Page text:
Warmer waters will affect aquatic species. Some species might actually like a few degrees more (like me when I try to swim in Cornwall), while some might be very stressed by warmer temperatures. But what happens when species must compete against each other? I studied how competition between phytoplankton species might change with water temperature and nutrients; and how the traits of the species might help predict “who wins” in a warmer world.
In a world that is warming at unprecedented rates, aquatic ecosystems are affected down to their very foundations, where microscopically small phytoplankton fuel food webs and are major contributors to biogeochemical cycles. We isolated green algae from a mixed, semi-natural mesocosm community after a decade of experimental warming, and find them strikingly different from their ambient-evolved counterparts.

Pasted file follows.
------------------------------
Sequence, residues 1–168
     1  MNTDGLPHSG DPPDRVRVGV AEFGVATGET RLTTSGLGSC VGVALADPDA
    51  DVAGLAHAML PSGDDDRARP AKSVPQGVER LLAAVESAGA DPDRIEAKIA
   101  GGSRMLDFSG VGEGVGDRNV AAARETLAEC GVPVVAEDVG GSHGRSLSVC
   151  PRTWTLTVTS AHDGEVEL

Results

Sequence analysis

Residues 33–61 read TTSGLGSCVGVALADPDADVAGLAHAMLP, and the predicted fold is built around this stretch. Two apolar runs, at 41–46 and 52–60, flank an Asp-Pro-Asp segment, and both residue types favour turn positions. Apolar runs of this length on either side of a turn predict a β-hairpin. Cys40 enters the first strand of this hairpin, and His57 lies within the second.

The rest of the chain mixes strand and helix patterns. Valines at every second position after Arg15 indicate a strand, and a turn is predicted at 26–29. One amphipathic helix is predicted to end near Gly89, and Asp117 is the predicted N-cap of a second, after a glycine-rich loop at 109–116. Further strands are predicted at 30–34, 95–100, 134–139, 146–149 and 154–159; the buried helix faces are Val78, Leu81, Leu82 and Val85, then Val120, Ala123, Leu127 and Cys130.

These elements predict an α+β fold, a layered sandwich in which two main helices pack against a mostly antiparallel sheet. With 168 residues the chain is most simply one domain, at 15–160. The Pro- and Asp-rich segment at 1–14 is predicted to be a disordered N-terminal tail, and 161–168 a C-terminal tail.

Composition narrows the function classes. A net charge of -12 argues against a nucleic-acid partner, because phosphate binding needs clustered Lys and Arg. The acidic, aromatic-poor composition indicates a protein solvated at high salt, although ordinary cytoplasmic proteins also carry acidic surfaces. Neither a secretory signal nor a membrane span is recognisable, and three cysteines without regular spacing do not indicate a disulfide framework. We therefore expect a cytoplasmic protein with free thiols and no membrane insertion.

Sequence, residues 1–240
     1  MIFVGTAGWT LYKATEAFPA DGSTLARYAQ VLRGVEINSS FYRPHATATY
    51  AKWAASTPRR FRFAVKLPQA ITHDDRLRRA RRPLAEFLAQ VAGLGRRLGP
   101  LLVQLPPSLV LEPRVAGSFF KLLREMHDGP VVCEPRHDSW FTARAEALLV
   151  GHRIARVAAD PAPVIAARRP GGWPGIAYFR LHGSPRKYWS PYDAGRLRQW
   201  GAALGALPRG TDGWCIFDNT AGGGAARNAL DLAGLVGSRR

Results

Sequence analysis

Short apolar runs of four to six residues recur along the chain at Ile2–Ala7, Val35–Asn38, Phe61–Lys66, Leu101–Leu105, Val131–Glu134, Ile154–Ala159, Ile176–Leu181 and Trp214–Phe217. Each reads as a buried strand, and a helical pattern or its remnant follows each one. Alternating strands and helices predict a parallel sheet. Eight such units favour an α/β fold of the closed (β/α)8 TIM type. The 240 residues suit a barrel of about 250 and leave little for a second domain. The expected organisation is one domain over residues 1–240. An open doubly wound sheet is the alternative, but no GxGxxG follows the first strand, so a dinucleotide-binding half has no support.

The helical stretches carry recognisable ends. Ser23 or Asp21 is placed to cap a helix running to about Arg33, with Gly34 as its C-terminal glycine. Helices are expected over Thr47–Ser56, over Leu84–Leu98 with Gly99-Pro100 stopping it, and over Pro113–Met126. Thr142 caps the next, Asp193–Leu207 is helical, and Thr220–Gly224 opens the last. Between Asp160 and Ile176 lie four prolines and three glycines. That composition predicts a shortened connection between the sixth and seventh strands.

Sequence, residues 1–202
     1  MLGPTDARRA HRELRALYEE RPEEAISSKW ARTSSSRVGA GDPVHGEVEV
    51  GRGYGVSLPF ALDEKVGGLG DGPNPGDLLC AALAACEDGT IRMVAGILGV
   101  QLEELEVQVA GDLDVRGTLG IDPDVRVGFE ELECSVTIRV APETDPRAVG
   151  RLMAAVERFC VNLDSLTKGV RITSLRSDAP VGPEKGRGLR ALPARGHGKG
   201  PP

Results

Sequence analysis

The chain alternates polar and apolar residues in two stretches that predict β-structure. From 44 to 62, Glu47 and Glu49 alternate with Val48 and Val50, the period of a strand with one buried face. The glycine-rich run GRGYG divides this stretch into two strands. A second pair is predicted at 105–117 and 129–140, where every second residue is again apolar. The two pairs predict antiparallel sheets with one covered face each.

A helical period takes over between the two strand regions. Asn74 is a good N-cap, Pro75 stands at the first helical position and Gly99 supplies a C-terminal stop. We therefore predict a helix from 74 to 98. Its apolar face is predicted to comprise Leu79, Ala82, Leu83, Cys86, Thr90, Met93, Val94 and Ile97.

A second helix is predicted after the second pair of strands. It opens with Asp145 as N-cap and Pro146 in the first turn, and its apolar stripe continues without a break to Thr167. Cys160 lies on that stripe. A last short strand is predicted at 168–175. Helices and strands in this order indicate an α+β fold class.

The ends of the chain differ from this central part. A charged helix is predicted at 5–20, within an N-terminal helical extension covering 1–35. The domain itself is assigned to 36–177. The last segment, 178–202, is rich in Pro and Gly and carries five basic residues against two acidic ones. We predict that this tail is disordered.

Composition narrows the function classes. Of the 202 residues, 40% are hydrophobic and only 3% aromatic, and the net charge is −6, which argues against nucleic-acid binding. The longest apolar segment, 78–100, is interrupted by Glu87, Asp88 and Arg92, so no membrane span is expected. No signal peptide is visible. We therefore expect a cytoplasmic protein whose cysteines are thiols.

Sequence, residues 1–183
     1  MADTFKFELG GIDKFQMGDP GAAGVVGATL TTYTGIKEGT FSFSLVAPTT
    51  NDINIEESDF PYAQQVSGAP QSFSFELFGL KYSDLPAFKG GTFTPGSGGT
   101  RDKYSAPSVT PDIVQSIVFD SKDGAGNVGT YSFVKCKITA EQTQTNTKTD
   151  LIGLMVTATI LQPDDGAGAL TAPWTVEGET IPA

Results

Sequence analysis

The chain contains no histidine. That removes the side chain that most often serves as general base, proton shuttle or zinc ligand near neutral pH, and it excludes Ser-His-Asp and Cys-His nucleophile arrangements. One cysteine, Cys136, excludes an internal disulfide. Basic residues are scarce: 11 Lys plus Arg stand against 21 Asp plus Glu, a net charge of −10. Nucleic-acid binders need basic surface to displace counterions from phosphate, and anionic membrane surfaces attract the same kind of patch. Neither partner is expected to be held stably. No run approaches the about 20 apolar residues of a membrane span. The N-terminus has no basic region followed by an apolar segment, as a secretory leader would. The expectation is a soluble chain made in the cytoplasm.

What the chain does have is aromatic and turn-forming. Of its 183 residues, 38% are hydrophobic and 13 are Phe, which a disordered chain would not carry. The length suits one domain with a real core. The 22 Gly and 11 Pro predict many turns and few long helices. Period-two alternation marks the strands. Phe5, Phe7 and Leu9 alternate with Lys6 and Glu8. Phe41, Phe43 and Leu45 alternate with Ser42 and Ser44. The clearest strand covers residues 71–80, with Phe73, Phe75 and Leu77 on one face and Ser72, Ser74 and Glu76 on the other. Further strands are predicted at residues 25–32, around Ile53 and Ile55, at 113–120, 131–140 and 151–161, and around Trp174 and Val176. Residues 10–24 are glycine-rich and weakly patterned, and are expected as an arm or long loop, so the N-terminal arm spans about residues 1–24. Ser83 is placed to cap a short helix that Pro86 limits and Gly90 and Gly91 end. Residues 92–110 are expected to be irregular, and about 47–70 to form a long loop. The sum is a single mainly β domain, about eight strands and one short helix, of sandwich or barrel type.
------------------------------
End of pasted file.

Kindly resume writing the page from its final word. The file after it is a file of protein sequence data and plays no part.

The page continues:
My friend Elisa Schaum talks about our discoveries in a blog post previously published in Nature Ecology and Evolution Community